Is the NCRA Legislative Boot Camp for me too? You bet!

You’ve heard about the great things that the NCRA Legislative Boot Camp has done for the profession. You’ve read the articles, seen the pictures, and heard the testimonials from your fellow court reporters and captioners on the incredible experience that Boot Camp has on attendees’ lives. But have you ever wondered: Is it only for state leaders?

The answer is no for one simple reason: It is everyone’s job to protect the profession and each professional’s own ability to do his or her job. If you don’t commit to saving your job, who will? Boot Camp teaches everyone the issues affecting the profession at a national level and how to affect change at the state and local levels. People who have attended Boot Camp have used their new skills to advocate for things outside the court reporting profession, such as cancer funding, appropriations for local city needs, and more. Boot Camp has even so inspired former attendees to make changes in their community that they have run for political office. Boot Camp alumni have become city council members, aldermen, the assistant mayor, and even a state representative!

What happens at Boot Camp? NCRA’s Government Relations team begins by training attendees on the basics of advocacy, including politics 101, grassroots lobbying, understanding the issues affecting reporters, and dealing with the press. Then attendees learn about a real-life scenario that is affecting court reporters. The attendees break into teams. The teams compete to come up with the best strategies and messages to influence mock senators in mock meetings. After their meetings, the teams testify in front of a mock Senate panel to try to influence a committee on a crucial issue.

Testifying is challenging and forces attendees to think on their feet. Attendees take their charge very seriously and but also have fun competing to be crowned top team at Boot Camp for that year. Reporters can be very competitive!

After two days of training, the attendees get a much-needed break to celebrate their efforts and bond with their fellow reporters. They also prepare for the next day, during which they will take all their skills and implement them for real. On Hill Day, attendees meet with their senators and Congressional representatives and pitch an issue critical to the profession to their national representatives and their staffs. The energy and excitement is palpable as the attendees arrive on Capitol Hill. The attendees meet with Hill staff all day, and finally their Boot Camp experience winds down with a great debrief at a Capitol Hill hotspot.

Hundreds of reporters have gone through Boot Camp and become steadfast advocates for the profession. If you are interested in attending this life-changing event, please register at NCRA.org/BootCamp or contact NCRA Government Relations Manager Matthew Barusch with any additional questions. See how you can make a difference!

Local paper reports NCRA member’s involvement in 2016 NCRA Legislative Boot Camp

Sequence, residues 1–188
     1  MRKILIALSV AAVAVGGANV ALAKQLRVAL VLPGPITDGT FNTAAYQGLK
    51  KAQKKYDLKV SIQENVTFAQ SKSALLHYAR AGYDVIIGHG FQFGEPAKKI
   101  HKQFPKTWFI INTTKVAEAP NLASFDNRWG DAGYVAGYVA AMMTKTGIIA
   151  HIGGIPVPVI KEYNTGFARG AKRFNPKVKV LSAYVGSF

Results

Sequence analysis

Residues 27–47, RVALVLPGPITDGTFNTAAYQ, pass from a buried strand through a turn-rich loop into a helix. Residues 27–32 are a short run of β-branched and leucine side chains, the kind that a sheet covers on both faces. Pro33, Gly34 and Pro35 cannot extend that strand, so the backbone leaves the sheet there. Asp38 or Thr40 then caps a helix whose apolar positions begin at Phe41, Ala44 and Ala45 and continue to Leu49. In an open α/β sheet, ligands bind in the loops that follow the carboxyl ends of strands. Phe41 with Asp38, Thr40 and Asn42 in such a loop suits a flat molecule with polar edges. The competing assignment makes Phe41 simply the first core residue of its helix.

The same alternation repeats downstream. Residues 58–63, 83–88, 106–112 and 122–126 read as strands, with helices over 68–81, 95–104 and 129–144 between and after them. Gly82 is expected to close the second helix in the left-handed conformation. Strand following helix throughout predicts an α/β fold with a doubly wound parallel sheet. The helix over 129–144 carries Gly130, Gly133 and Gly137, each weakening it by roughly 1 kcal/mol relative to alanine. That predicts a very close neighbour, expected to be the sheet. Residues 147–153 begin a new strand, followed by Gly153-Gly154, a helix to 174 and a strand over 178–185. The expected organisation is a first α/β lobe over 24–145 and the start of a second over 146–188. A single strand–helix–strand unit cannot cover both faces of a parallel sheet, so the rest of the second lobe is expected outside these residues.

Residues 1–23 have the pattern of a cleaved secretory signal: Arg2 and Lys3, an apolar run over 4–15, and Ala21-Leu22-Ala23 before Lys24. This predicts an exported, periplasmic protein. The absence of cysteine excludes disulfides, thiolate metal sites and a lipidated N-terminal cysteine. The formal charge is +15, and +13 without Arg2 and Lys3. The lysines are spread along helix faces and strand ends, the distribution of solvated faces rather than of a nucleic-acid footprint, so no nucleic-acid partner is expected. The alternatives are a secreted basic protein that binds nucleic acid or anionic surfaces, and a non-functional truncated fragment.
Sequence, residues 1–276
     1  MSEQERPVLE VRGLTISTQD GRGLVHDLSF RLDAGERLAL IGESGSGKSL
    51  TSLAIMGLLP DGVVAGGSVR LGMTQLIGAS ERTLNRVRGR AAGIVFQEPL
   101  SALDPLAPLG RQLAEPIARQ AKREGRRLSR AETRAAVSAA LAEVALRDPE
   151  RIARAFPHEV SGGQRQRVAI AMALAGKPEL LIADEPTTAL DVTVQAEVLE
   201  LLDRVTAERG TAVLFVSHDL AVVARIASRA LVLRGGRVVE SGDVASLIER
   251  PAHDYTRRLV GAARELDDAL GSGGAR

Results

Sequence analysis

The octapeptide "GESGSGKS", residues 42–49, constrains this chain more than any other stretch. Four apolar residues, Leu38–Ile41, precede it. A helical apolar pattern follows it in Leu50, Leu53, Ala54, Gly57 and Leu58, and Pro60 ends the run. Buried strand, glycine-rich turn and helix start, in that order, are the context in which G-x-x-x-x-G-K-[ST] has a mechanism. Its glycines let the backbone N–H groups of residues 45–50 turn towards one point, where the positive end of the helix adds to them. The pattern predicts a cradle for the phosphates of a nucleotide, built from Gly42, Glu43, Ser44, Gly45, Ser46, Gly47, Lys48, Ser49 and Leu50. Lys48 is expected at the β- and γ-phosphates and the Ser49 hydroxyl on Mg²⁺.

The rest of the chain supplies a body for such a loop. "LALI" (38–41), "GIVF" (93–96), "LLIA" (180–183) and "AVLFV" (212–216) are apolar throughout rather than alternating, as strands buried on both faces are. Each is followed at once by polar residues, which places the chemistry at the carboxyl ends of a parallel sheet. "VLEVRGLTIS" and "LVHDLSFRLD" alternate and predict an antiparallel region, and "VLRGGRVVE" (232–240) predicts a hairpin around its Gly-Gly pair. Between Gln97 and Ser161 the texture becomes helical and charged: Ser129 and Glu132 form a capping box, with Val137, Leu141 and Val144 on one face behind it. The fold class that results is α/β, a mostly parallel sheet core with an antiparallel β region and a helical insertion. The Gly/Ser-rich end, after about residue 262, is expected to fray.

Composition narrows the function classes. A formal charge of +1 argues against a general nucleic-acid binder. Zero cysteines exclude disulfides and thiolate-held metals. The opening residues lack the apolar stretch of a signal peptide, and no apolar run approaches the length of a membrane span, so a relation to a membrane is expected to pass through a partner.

On April 5, the Traverse City [Mich.] Record Eagle posted a press release issued by NCRA announcing that Jessica L. Jaynes, RPR, an official court reporter from Traverse City and president-elect of the Michigan Association of Professional Court Reporters, attended the 2016 NCRA Legislative Boot Camp.

Read more.

The other side of the Veterans History Project: What happens to my transcripts?

VHP Photo_Jaynes

Jessica L. Jaynes poses in front of the Veterans History Project sign

By Jessica L. Jaynes

While attending the 2016 NCRA Legislative Boot Camp, I decided to make the most of my downtime between meetings on Capitol Hill, so I visited the Library of Congress Veterans History Project Center. I wanted to see where the veterans’ stories I had transcribed in the past were kept and who uses them and for what purpose. My goal was to be able to take that information back to my association, the Michigan Association of Professional Court Reporters, to garner support for this year’s Veterans History Project (VHP).

I started my mission at the Library of Congress’ Jefferson Building, only to discover that the Veterans History Project Center is located in the American Folklife Center over in the Madison Building. I was directed down staircases and underground tunnels to make my way there. I finally made it to my destination where I met Christy Chason, VHP representative. Christy greeted me with a smile and asked what she could do for me.

I explained why I was in Washington, D.C., and I was hoping to be able to see the transcripts that I had sent in. Christy lit up, telling me how they love NCRA and the court reporters who have worked so hard transcribing the oral histories and what an important a role we play in the process. She apologized, saying that the transcripts are kept at an off-site location and that I wouldn’t be able to see them on that day, but that I was welcome to stay and take a look around.

The first picture I came across was that of Rep. Ron Kind (WI). Christy explained to me that Rep. Kind authored the original Veterans’ Oral History Project legislation after attending a family function with his father and uncle, both of whom served in the U. S. military, and wanting to document their experiences for future generations. He got a video camera and began recording their stories. I also found out that Rep. Kind’s wife is a court reporter.